Decision on ITER postponed until February at the earliest

January 6, 2004

Brussels, 05 Jan 2004

The much awaited meeting between participants in the international thermonuclear experimental reactor (ITER) project, which was to settle where the reactor will be hosted, closed without a decision on 20 December.

Delegates released a statement indicating that the quality of the two candidate sites - Cadarache in France and Rokkasho-mura in Japan - means that more time is needed to assess each bid. It is hoped that further deliberations will also help participants to reach a consensus, as the decision cannot be made by a vote.

'We have agreed to provide remaining questions to the candidate host parties by the end of December for their answers by the end of January,' says a statement released after the 20 December meeting. The statement adds that the next meeting is likely to take place in mid-February.

France remains confident that it can overcome competition from Japan. 'The ITER project remains an absolute priority for Europe. We are completely convinced that our human, financial and technical assets should enable us to see this project through,' said Claudie Haigneré, French Minister for Research and New Technologies. 'The whole community of researchers who have worked on this project for more than forty years, remains mobilised,' she added.

The French site has the advantage of an existing research facility and a more moderate climate than the Japanese site, which in turn boasts proximity to a port, a ground of solid bedrock, and a nearby US military base. The project's participants - the EU, the US, Russia, China, Canada, Japan and South Korea - are currently believed to be divided equally in their support for the two sites.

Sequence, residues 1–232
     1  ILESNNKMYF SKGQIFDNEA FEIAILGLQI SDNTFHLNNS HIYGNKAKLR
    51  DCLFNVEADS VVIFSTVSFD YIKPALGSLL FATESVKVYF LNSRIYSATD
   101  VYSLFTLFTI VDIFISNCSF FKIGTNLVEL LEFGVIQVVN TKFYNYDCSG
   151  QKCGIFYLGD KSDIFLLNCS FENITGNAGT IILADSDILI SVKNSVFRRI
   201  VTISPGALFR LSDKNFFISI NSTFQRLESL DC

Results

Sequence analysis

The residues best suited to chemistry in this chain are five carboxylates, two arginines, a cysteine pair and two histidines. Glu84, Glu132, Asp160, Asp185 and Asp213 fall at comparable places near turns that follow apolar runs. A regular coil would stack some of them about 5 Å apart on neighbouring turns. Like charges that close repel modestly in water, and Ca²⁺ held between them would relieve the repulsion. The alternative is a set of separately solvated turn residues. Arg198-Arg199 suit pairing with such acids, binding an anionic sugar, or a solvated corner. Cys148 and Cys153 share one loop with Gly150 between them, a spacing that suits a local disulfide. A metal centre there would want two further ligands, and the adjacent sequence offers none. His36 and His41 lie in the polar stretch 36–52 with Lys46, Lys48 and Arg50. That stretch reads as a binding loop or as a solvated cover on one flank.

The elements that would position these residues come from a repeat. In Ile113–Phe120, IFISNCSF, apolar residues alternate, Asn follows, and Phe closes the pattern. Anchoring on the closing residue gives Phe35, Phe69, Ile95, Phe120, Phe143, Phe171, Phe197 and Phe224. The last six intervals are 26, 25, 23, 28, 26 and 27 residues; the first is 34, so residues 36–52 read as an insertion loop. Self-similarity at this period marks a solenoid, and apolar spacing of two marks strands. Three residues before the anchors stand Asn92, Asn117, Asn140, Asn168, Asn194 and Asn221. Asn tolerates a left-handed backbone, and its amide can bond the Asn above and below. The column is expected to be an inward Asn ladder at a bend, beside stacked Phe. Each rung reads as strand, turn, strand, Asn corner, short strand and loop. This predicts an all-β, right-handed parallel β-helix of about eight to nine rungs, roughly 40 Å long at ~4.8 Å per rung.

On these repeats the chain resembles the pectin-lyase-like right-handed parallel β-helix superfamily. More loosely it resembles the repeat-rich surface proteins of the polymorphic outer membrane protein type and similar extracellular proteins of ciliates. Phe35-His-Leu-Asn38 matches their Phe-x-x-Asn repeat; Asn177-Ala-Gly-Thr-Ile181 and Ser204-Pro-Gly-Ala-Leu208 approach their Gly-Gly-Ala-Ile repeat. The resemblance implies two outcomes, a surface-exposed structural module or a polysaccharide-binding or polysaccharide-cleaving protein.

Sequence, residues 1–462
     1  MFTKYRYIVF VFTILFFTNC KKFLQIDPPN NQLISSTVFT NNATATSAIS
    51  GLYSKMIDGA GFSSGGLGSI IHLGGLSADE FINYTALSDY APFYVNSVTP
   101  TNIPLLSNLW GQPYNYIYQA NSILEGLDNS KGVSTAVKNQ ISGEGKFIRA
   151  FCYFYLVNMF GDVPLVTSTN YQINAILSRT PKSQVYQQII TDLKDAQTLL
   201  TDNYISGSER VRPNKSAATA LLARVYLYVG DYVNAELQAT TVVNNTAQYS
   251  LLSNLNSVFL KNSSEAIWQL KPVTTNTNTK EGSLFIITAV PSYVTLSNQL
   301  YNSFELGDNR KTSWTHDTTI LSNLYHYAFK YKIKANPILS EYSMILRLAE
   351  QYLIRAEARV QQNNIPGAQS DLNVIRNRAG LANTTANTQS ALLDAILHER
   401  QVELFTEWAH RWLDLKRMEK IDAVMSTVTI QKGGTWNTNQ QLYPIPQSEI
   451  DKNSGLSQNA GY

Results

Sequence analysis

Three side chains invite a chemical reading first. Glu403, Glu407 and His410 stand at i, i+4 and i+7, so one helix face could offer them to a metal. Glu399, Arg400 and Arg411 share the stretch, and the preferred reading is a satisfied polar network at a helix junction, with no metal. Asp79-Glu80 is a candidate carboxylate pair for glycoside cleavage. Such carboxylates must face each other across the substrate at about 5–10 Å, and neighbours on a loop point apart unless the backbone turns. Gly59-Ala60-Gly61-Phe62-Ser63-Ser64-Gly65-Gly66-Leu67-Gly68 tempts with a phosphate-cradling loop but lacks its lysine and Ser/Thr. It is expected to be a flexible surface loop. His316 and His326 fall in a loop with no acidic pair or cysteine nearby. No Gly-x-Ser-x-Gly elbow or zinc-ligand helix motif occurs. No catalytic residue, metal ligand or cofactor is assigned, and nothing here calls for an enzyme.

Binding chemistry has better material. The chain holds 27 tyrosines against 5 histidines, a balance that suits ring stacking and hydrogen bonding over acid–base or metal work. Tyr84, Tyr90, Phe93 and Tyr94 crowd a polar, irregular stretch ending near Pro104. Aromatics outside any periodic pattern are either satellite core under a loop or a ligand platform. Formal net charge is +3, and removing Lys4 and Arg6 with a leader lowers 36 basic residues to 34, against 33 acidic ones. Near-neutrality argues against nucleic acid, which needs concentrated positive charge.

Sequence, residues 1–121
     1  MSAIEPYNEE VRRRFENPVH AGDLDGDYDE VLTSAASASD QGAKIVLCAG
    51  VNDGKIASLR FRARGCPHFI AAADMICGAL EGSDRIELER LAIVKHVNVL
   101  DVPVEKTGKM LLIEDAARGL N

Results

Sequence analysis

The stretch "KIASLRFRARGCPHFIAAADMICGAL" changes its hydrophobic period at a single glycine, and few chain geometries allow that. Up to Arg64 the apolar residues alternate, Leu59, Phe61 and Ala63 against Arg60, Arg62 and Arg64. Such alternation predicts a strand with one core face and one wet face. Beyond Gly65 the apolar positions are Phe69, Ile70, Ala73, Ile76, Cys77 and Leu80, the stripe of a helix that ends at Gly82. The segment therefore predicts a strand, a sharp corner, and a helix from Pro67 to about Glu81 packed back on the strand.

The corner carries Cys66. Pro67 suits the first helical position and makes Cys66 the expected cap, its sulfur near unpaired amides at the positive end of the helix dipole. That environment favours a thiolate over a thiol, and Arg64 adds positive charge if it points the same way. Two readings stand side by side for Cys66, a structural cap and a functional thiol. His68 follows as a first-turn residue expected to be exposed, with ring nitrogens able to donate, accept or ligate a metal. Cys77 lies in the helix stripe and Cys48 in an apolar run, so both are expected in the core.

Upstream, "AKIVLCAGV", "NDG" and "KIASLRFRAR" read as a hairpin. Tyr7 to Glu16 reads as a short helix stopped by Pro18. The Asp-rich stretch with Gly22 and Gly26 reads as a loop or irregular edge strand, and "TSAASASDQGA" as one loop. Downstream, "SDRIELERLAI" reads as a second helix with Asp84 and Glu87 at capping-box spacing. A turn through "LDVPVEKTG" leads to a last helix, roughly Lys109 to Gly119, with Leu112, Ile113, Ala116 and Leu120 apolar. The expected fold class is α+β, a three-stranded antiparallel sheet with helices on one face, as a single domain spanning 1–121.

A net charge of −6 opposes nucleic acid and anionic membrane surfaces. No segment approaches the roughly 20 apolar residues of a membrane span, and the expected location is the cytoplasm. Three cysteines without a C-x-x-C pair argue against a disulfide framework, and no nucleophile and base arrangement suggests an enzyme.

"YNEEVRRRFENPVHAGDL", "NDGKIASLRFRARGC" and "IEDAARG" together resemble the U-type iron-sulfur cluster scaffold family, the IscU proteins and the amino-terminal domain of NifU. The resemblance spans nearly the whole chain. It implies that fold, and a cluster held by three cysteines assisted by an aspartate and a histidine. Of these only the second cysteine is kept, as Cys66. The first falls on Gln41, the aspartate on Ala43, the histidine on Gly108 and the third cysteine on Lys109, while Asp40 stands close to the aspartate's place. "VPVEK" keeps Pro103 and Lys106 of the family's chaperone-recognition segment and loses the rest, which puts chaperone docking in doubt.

The world's first nuclear fusion reactor will give a substantial economic boost to the location chosen as its host. France estimates that the project could inject 24 billion euro into the local economy over 30 years.

Speaking before the meeting, US Secretary of State for Energy, Spencer Abraham, was confident that ministers would be able to work together to implement the project: 'The ITER project proves that governments can work together to look to the future. It proves that even when the choices are difficult, and the task complex, we can commit to a project that will not be completed until many of us sitting around this table are well beyond our years of public service.'

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CORDIS RTD-NEWS / © European Communities

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